How To Beat The Sunday Blues?

Discover a few tips to beat the Sunday blues

You know the Sunday blues... the feeling that turns up when the Sunday is coming to an end - a certain melancholy or sadness, maybe a sort of mild depression.

I believe that the Sunday blues is a by-product of certain structures in Western society, namely school and work.

Underlying the Sunday blues is the feeling that on Monday morning we have to go back to school or to work, and that the mini-holiday that is the weekend is ending.

For me the Sunday blues takes the shape of stress usually - I feel as if Monday "is already here" and as if I'm not getting enough time to do all I want to do.

Sometimes, when I haven't taken care of those thoughts and feelings, they turn into resistance and I end up wandering around the house up to 1am, avoiding going to bed.

Tips to beat the Sunday blues

The root of the emotions which come with the Sunday blues is our thoughts being more focused in the future (Monday morning) than in the here and now (Sunday evening).

These thoughts are subtle - you may not even be conscious that you're not fully present, until you realize you that you feel sad, apathetic and unmotivated, and you don't even know why.

So, with the intention that they are useful to you, I present you with a selection of the top five ways in which I beat the Sunday blues:

  • Focusing on the breath. It always works - letting all thoughts and emotions go, leave everything aside, and just focus on your breathing. If your thoughts wander (they're likely to), then just come back to your breathing.

    Just a couple of minutes of focused breathing make a large difference to your state of consciousness - sometimes just doing this helps me beat the Sunday blues immediately.

  • Imagining I have an infinite evening in front of me. I do this when the Sunday blues shows up as stress because I want to do a lot of things, but I tell myself the story that I have to get to bed by a certain time and that I don't have that much time.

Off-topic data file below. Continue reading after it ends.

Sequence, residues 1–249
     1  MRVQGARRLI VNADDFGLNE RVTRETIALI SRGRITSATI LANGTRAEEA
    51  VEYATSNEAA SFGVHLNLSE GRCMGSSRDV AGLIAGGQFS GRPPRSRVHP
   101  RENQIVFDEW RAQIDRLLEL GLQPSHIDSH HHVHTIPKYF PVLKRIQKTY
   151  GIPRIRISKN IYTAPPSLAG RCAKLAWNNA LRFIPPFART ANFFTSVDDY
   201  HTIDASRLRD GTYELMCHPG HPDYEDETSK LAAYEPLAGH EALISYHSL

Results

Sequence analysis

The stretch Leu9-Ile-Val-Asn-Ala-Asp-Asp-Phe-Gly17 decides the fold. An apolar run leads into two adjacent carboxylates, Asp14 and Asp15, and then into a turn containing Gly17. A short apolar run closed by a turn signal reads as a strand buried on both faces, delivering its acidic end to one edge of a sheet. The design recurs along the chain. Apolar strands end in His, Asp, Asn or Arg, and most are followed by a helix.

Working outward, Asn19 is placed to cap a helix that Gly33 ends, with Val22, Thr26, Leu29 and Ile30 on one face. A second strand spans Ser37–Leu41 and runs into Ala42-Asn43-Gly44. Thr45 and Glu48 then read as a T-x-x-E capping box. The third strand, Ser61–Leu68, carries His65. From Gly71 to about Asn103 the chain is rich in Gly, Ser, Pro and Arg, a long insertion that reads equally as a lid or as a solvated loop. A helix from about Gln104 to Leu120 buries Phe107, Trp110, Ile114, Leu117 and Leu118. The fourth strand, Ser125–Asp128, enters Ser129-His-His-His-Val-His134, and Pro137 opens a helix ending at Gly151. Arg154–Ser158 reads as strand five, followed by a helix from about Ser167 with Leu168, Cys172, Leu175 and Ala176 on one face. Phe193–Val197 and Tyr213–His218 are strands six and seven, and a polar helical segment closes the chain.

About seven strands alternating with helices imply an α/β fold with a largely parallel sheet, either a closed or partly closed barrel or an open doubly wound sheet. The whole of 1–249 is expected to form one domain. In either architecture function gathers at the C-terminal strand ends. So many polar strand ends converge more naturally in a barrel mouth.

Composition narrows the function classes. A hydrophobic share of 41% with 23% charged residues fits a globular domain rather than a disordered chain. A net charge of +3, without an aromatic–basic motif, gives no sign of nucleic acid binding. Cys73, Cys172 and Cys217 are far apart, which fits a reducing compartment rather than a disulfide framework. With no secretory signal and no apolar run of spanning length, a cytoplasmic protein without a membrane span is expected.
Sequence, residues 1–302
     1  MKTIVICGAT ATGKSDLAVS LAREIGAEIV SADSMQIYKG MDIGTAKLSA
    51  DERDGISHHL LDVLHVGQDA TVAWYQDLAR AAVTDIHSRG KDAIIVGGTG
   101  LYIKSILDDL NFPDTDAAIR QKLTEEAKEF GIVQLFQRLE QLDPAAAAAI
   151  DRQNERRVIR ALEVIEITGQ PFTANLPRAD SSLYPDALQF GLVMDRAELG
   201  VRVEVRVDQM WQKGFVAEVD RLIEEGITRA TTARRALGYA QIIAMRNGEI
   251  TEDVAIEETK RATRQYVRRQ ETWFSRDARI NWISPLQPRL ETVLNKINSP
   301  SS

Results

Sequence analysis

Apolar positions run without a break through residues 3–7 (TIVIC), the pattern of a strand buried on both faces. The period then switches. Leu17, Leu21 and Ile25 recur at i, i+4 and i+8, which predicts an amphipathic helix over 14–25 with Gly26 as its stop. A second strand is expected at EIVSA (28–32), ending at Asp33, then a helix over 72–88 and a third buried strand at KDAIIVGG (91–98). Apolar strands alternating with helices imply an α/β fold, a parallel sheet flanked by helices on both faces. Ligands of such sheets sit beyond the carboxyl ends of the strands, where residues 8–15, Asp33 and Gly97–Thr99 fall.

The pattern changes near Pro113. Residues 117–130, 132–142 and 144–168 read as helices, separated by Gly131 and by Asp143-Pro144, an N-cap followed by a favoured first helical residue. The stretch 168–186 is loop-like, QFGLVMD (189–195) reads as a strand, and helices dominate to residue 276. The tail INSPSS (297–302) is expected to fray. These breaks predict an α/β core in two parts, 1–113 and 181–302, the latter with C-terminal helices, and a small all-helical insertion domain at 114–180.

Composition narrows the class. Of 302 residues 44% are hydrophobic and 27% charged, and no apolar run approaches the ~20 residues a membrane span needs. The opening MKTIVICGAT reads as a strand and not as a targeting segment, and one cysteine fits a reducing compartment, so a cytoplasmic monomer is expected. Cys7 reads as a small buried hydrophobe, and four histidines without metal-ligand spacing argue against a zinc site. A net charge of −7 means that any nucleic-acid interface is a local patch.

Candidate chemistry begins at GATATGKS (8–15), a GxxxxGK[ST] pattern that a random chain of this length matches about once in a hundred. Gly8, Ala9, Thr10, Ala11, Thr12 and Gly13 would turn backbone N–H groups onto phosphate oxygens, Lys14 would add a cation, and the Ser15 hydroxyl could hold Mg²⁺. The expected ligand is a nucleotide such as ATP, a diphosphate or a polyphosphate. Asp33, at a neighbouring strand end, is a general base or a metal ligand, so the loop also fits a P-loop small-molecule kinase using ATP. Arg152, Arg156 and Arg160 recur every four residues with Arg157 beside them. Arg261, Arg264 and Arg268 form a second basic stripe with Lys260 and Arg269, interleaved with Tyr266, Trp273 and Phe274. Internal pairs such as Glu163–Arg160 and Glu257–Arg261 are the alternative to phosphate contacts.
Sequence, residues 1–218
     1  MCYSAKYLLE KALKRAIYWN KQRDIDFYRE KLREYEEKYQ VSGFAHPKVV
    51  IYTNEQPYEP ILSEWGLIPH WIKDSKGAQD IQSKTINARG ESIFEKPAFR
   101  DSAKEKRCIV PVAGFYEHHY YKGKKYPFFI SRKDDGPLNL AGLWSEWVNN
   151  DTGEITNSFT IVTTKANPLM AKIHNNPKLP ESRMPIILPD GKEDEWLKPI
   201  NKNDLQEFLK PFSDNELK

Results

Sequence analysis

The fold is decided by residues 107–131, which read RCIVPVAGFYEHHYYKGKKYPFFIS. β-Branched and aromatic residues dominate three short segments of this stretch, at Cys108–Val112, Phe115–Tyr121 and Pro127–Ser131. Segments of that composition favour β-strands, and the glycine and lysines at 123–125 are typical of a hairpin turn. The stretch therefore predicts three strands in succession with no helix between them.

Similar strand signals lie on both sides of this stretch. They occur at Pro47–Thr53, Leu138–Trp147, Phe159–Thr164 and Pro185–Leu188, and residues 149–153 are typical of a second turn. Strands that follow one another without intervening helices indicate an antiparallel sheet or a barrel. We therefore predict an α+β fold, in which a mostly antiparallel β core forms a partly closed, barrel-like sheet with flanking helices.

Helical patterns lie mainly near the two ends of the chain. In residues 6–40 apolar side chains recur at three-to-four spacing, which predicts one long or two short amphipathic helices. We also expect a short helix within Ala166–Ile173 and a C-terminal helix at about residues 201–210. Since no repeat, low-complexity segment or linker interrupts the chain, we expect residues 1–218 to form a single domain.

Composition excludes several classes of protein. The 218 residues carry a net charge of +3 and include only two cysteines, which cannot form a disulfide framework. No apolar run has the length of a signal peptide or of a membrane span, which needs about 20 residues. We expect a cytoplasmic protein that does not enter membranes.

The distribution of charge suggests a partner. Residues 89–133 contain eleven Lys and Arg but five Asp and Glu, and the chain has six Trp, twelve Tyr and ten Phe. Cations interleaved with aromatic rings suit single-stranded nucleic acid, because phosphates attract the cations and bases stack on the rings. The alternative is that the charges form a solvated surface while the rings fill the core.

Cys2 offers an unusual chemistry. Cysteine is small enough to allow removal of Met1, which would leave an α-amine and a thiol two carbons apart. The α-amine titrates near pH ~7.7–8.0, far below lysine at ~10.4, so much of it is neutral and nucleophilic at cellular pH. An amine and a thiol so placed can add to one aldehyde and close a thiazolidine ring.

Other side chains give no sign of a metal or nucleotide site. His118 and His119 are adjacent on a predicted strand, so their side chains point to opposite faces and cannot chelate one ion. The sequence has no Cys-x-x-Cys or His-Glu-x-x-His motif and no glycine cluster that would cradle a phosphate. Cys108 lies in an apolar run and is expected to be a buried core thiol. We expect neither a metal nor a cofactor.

I tell myself in as many different moments as possible something on the line of "Here I am, it's Sunday evening" - the repetition of it at short intervals does actually make me feel that I'm in Sunday evening all the time - which eliminates stress.

  • The Rampage of Appreciation, a technique from Abraham-Hicks. It consists of taking time to express appreciation and gratitude for as many things as you can think of.

    The longer you keep going, the better you feel - you will know when you're feeling that good that you can then stop.

    I picture the rampage of appreciation as a tool to refill our energy. Once you're done, there will be no traces of the Sunday blues ;-)

  • Pretending I'm on leave the next day. This is a nice game I play to beat the Sunday blues, a bit on the line of imagining that I have an infinite evening, but to deal with different feelings: melancholy and sadness.

    Pretending that I'm off the next day helps me to relax and feel better. It's as if I had instantly given myself (mentally) an extra day of vacation.

    It doesn't matter if that's not actually the case, because by the time I get up on Monday morning to go to work I'm already in a different state of mind; playing mentally that I'm off serves its purpose in the moment.

  • Painting, gardening, reading... Anything that I do for the pleasure of doing it sends away the feelings of sadness and stress.

    This is powerful in that it's very direct: as long as you're focused on what you're doing, you feel fine.

The key point to beat the Sunday blues is to take your attention off the future and actively put it on to something that makes you feel good here and now.

As you start feeling better and continue focused on what's making you feel good you build momentum, and eventually the sadness, melancholy or stress disappear altogether.

Now sometimes we just want to feel sad, even if we refuse to acknowledge it - and that's fine, just be aware that that is your choice.

It also takes just the choice to feel good to be open to things that make you feel good - or actively seek them.

Out of experience... feeling good is a much nicer way of spending the Sunday evening than feeling bad ;-)

"This is the best time in all eternity for a Creator to Create."

Abraham-Hicks

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